I have also seen "Closed Captions" options on DVD players. Either they are incorrectly labelled, or these are simply another switch in addition to switching them on/off on the TV or external decoder. You still need an external decoder, either in the TV or separate.

    To add to the confusion, especially in the US, some major DVD studios incorrectly refer to contextual subtitles (aka "subtitles for the Hearing Impaired") as Closed Captions, when in fact they are simply normal dvd subtitles with contextual information.

    For more information, check out the thread here:
    http://www.rnid.org.uk/ubb/Forum1/HTML/004017.html

    There are a couple of subtitling professionals posting on that thread to clarify things.

    Cheers,
    Mat.
     
  11. nwgarratt

    nwgarratt
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    That was the point I was trying to make.

    The DVD's don't have actual CC but a variation on the normal subtitles with the contextual. This misconception is so common now, that most people will think of this rather than the type that uses a external decoder (which is really only in the US).

    I have seen DVD players that use the phrase "closed captions" in reference to normal subtitles.
     
  12. edgler vess

    edgler vess
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  13. YellowCows

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    Correction: Many DVD's do have both regular subtitles and CC's. In fact I have quite a few R1 discs with Closed Captioning, but no subtitles at all, or English CC's and Spanish/French subtitles only. Nearly all R1 DVD's carry Closed Captions (which cannot be decoded internally by mainstream DVD players sold in the UK) in addition to the standard subtitle streams (which can be).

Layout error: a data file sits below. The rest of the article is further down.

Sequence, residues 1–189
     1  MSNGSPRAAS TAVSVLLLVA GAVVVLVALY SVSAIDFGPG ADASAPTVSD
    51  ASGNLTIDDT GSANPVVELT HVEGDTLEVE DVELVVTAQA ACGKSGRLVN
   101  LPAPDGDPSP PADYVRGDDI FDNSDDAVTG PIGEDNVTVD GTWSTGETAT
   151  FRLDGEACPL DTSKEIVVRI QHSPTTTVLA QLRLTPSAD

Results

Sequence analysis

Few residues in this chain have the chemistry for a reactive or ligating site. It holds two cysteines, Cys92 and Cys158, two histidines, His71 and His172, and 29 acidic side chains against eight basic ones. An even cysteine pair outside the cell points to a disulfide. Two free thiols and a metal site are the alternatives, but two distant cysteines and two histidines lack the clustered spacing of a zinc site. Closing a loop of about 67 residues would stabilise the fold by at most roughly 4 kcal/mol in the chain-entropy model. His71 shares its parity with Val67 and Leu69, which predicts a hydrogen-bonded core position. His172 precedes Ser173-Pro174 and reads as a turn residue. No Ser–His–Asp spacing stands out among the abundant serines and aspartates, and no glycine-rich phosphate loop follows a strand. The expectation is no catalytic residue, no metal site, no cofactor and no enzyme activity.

HTH,

    Moory
     
  14. dvdsubtitles

    dvdsubtitles
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    I asked on the RNID forum whether there was a difference between line 21 data (where CCs are encoded) in video signals on PAL/NTSC and VHS/DVD, I got a reply as follows:

    "I could not find any detailed description of how the americans put text on line 21, except from some sites quoting words per minute figure much lower that teletext send on our line 21. I also know that american TV shows about 450 dots per line whereas VHS gives 180 to 220 depending on the quality of the tape. As dirs.org said the VHS was a variant of line 21 encoding, I have doubts that it would work with a R1 DVD that had NTSC encoded video. I may be wrong, their TV broadcasts might be sending text no faster than a VHS tape, but as the caption decoders cost twice as much as a DVD player nowadays, I would not buy one for the odd R1 DVD. If the R1 DVD is a film, chances are that the closed captions are in fact just DVD subtitles."

    To sum up, we suspect that line 21 encoding in DVD video is not exactly the same as line 21 encoding in VHS video, so we are not sure whether this decoder will work. Furthermore the website states that this decoder is for VHS captions and does not mention DVD.

    It might be worth calling the supplier of this decoder to see if they can help, or ask them if you would be able to return the decoder and get your money back if it does not work with DVD.

    Cheers,
    Mat